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This week: Exercise could help beat drug addiction; Soy may help fight osteoporosis; Moderate exercise linked to improved mental health

Soy may help fight osteoporosis

new study has found that consuming soy products may strengthen bones in women of all ages.

Researchers from the University of Missouri investigated how dietary changes might affect bone resilience in women.

In a rodent study, scientists mimicked the effects of menopause in half of the rats. They proceeded to feed half of both rodent groups either a corn-based or soy-based diet.

Analysis showed that the leg bones of soy-fed rats (both menopausal and non-menopausal) were stronger than the bones of the rats that were fed a corn-based diet.

Lead study author Professor Pamela Hinton said ‘The findings suggest that all women might see improved bone strength by adding some soy-based whole foods, such as tofu and soy milk, to their diet. We also believe that soy-based diets can improve metabolic function for postmenopausal women.’

Source: Medical News Today

Exercise could help beat drug addiction

Exercise can help prevent relapses into cocaine addiction, according to new research by a team at the University at Buffalo in the US.

‘Cocaine addiction is often characterised by cycles of recovery and relapse, with stress and negative emotions, often caused by withdrawal itself, among the major causes of relapse’ said lead study author Panayotis Thanos, PhD.

Using animal models, Thanos found that regular aerobic exercise (one hour on a treadmill, five times a week) decreased stress-induced cocaine-seeking behaviour. Exercise also altered behavioural and physiological responses to stress.

Individuals who are addicted to cocaine have altered neural, behavioral and physiological responses to stress. Recent research by Thanos demonstrated how exercise can alter the brain’s mesolimbic dopamine pathway, which is linked to the rewarding and reinforcing properties of drugs such as cocaine.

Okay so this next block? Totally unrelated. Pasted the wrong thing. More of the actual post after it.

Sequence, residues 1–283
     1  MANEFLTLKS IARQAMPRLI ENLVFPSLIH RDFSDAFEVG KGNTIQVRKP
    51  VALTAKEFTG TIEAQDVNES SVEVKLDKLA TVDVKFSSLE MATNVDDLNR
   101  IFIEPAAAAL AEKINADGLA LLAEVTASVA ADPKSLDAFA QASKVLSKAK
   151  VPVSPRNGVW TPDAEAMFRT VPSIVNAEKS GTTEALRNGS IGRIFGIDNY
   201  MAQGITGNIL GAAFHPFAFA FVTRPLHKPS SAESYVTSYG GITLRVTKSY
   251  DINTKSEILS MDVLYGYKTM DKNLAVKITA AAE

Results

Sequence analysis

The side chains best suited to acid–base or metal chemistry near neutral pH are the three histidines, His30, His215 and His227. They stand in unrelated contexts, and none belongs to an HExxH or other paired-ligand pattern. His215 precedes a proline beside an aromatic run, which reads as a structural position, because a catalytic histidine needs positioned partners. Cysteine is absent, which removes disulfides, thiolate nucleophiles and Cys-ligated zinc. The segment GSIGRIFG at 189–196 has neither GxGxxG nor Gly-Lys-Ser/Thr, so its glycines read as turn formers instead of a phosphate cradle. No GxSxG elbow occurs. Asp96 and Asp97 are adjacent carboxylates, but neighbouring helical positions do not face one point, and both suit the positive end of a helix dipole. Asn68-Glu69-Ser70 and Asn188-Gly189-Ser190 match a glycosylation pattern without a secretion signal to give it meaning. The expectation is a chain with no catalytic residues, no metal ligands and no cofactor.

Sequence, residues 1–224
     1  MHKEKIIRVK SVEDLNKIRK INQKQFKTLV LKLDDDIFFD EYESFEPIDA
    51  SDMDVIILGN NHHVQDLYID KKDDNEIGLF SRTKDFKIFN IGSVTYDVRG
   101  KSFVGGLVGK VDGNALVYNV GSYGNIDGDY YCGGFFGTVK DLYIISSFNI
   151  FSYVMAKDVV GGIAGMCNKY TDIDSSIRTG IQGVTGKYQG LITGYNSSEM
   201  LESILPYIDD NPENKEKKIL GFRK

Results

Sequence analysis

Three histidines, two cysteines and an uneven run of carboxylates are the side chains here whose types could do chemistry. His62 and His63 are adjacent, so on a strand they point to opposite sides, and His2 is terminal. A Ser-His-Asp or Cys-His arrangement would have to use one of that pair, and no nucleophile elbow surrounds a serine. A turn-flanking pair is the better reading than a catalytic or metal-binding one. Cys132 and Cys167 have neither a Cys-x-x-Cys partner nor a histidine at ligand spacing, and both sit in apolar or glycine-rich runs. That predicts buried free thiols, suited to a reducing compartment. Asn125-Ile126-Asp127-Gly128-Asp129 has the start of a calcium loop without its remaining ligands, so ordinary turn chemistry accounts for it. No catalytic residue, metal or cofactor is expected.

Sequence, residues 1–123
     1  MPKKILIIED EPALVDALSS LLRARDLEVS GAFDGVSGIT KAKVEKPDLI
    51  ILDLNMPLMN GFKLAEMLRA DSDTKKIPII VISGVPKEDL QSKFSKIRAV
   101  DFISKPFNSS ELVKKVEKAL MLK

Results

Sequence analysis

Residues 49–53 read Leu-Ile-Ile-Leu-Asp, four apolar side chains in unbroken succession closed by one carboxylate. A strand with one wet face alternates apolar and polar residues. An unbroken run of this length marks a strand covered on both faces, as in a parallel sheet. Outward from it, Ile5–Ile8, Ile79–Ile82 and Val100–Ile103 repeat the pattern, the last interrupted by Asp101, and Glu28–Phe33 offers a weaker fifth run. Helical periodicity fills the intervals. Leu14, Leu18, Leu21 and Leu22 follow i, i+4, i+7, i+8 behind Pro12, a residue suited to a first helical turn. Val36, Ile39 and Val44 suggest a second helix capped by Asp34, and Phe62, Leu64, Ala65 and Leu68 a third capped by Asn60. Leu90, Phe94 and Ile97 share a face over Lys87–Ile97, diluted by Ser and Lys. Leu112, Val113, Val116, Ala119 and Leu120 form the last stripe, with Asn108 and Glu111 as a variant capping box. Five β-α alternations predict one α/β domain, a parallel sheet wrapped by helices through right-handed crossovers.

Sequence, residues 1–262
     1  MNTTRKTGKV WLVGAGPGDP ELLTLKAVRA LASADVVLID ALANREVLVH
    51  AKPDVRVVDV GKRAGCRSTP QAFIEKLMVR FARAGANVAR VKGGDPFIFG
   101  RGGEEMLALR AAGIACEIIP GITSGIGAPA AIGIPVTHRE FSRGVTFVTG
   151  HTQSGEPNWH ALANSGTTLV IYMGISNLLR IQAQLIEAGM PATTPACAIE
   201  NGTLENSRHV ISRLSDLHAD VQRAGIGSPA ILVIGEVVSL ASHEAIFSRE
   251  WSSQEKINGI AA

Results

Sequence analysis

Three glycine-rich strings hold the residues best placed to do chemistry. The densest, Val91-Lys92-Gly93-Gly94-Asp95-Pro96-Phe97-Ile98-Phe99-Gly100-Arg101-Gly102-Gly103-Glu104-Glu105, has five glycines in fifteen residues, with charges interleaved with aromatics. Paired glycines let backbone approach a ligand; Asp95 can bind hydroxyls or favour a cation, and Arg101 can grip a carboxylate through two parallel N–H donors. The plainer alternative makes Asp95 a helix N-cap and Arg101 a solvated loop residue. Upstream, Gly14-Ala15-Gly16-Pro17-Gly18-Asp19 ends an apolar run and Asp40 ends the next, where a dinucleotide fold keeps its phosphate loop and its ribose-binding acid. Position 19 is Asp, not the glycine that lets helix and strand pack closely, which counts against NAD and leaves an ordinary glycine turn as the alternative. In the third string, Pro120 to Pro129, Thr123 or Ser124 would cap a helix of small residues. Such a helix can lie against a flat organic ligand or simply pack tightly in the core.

‘Our results suggest that regular aerobic exercise could be a useful strategy for relapse prevention, as part of a comprehensive treatment program for recovering cocaine abusers. Further research is necessary to see if these results also hold true for other addictive drugs’ Thanos said.

Source: University at Buffalo

Moderate exercise linked to improved mental health

A study of 1.2 million people in the US has found that people who exercise report having 1.5 fewer days of poor mental health a month, compared to people who do not exercise. The study, published in The Lancet Psychiatry found that team sports, cycling, aerobics and going to the gym are associated with the biggest reductions.

More exercise did not necessarily equate to ‘better’ results, with the study finding that exercising for 45 minutes three to five times a week was associated with the biggest benefits.

Although the authors noted that their study cannot confirm cause and effect, they did express optimism at the link between moderate exercise and mental health.

‘Depression is the leading cause of disability worldwide, and there is an urgent need to find ways to improve mental health through population health campaigns’ said Dr Adam Chekroud, Assistant Professor of Psychiatry at Yale University; ‘Exercise is associated with a lower mental health burden across people no matter their age, race, gender, household income and education level. Excitingly, the specifics of the regime, like the type, duration, and frequency, played an important role in this association. We are now using this to try and personalise exercise recommendations and match people with a specific exercise regime that helps improve their mental health.’

Source: Science Daily

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